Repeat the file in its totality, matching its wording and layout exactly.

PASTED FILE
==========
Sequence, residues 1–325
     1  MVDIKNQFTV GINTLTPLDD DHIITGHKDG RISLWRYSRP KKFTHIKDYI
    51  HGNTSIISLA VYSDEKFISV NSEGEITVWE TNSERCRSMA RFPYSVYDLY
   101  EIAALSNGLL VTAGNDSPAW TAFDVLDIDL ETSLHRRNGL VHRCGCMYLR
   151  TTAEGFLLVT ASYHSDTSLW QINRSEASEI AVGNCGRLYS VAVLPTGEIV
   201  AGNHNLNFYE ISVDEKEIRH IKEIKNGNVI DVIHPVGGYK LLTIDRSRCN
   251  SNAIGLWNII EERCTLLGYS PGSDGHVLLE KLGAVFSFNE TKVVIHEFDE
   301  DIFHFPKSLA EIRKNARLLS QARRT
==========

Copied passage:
Sequence, residues 1–325
     1  MVDIKNQFTV GINTLTPLDD DHIITGHKDG RISLWRYSRP KKFTHIKDYI
    51  HGNTSIISLA VYSDEKFISV NSEGEITVWE TNSERCRSMA RFPYSVYDLY
   101  EIAALSNGLL VTAGNDSPAW TAFDVLDIDL ETSLHRRNGL VHRCGCMYLR
   151  TTAEGFLLVT ASYHSDTSLW QINRSEASEI AVGNCGRLYS VAVLPTGEIV
   201  AGNHNLNFYE ISVDEKEIRH IKEIKNGNVI DVIHPVGGYK LLTIDRSRCN
   251  SNAIGLWNII EERCTLLGYS PGSDGHVLLE KLGAVFSFNE TKVVIHEFDE
   301  DIFHFPKSLA EIRKNARLLS QARRT